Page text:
In August I was in Uji one day and took the opportunity to visit the Byodo-in temple. As the pandemic has drastically reduced the number of tourists in Kyoto, I thought it was a good opportunity to view the famous Phoenix Hall minus the hordes of visitors that were there on my last visit – a good five years ago. Although this time there were a fair number of domestic tourists at the temple, I was indeed rewarded with a clear view of the building and (praise be!) there was not a selfie stick in sight!
If you are in Kyoto and have some free time, this does seem like a good time to visit such iconic sites as the Byodo-in. Up until earlier this year, the sheer volume of tourists had made the experience rather unpleasant, but now, although there are some domestic tourists taking advantage of the current lull in international traffic, the number of visitors is really not so great.
Wandering the grounds of the temple I felt quite safe. Everyone wore masks and maintained an appropriate social distance.Â I should add that this was not the case inside the temple museum, where despite very large clearly written signs everywhere asking people to keep 2 meters apart, nobody seemed to be paying them much heed. Perhaps they were too entranced by the exhibits (which are rather splendid) to notice how close they were getting, but I didn’t stay in there very long and I think for the time being I may stay away from museums and stick to outdoor venues.
For an extra 300 yen you can actually visit the interior of the Phoenix Hall, but again, right now I wouldn’t recommend it. For one thing, it is full of scaffolding at the moment. But more importantly, the space inside is too small for the number of people that they allow in there and social distancing is basically impossible. Nevertheless, there is plenty to see even if you skip both the museum and the interior of the hall, and my visit to the grounds of Byodo-in was overall a very pleasant one. Here are some more pictures.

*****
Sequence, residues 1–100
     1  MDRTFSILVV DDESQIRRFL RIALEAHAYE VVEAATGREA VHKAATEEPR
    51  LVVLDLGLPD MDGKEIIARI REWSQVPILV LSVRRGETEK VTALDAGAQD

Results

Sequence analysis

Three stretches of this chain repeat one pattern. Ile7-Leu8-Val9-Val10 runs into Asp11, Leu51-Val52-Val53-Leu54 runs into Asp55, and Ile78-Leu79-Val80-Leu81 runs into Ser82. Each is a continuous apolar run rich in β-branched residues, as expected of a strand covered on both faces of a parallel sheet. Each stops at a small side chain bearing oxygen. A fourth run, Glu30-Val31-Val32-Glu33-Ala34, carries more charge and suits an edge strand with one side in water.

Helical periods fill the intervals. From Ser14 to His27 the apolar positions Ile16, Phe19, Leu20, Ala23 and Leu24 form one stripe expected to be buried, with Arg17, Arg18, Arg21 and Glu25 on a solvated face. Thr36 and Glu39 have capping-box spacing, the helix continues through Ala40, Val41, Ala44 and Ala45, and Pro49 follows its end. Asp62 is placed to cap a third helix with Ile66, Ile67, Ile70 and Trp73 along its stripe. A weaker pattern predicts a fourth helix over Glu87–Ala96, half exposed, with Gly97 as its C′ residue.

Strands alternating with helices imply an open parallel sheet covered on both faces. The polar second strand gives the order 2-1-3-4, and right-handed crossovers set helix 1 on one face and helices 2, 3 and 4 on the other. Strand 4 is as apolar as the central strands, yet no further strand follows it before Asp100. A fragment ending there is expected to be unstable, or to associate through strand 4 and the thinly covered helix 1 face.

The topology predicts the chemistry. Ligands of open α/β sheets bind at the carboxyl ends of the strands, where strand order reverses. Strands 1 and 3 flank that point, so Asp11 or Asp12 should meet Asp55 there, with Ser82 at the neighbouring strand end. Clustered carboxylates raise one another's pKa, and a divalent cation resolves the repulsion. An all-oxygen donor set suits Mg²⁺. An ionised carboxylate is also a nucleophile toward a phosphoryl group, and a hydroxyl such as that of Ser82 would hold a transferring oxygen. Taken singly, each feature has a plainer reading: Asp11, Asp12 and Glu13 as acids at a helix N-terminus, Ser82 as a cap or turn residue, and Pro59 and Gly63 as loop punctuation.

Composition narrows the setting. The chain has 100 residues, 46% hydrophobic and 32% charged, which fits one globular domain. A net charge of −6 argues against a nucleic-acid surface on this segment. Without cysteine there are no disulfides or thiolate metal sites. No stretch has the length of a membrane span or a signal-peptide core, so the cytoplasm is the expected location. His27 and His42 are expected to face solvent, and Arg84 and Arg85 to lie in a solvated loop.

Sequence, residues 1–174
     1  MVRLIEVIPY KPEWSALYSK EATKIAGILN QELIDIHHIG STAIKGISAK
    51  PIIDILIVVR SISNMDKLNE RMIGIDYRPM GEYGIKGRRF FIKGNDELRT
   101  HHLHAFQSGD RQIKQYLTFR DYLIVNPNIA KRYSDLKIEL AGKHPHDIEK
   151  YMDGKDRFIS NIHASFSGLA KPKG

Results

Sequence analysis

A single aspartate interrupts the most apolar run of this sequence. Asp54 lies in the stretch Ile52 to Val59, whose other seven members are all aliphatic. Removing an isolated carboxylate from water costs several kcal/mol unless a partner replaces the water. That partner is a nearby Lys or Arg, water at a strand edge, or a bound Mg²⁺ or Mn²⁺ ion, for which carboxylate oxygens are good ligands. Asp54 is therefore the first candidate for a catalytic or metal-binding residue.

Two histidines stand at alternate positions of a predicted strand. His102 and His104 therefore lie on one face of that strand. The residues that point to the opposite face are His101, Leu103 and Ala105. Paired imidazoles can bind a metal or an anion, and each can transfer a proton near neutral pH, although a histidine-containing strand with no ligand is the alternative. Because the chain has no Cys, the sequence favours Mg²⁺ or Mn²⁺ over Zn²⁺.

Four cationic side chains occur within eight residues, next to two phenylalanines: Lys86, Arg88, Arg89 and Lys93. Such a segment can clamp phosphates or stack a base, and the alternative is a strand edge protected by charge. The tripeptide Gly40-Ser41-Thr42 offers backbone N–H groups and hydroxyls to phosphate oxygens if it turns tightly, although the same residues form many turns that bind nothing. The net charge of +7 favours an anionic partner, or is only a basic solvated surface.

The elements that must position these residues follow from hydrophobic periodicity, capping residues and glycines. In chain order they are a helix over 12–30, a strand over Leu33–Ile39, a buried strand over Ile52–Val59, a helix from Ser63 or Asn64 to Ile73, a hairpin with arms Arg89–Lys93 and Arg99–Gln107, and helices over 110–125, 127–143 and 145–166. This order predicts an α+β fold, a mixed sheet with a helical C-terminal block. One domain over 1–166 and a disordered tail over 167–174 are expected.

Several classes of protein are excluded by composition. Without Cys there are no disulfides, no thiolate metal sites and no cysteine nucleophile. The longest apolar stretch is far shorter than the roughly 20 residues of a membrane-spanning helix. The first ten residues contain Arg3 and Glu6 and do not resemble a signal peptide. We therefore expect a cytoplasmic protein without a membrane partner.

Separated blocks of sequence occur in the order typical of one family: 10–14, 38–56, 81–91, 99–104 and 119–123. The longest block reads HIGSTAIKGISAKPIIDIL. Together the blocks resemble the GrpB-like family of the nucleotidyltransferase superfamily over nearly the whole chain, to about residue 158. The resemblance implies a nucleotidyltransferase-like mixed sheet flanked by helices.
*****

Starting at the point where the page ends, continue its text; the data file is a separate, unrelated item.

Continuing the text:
Just past the Hoshokan Museum and behind the Phoenix Hall is a subtemple called Jodo-in. There is an image there calledÂ æ•‘ä¸–èˆ¹ä¹—è¦³éŸ³ which very roughly translated means “Sailing Saviour Kannon”. Kannon is the Buddhist spirit of compassion, and this particular image, which shows her in a boat, is popular with travelers who pray to her for safe journeys. Although the original image dated from the Edo era, this is actually a copy which was made after someone made off with the original just after the last war.
In another subtemple called Saisho-in you can find the grave of Minamoto Yorimasa. Yorimasa was a famous Heian-era poet, whose later years were interrupted by the onset of the Genpei War, a major conflict between the Minamoto and Taira clans. During the battle of Uji in 1180, Yorimasa bravely attempted to hold Byodo-in against the Taira forces, but the enemy numbers proved overwhelming and he was unable to escape defeat. Struck by an arrow, Yorimasa composed his death poem and then committed ritual suicide. The poem is inscribed on a sign beside his final resting place:
mired like an old forgotten tree
I will flower no more;
this life ends in such sorrow
Outside of the Byodo-in, Uji itself was a ghost town. One wonders how the local businesses that depend so much on tourism can survive. I am particularly fond of Uji. It is a lovely green town with many well-preserved traditional buildings and streets, and always a joy to visit. Although, I was happy to see Byodo-in without the crowds, the town itself was too empty and it was sad to see it abandoned. I hope Uji, like Kannon in her boat, can sail through the current crisis, and when the tourists return, both life and prosperity will return to her sunny streets.
Article and photographs by Michael Lambe. All rights reserved.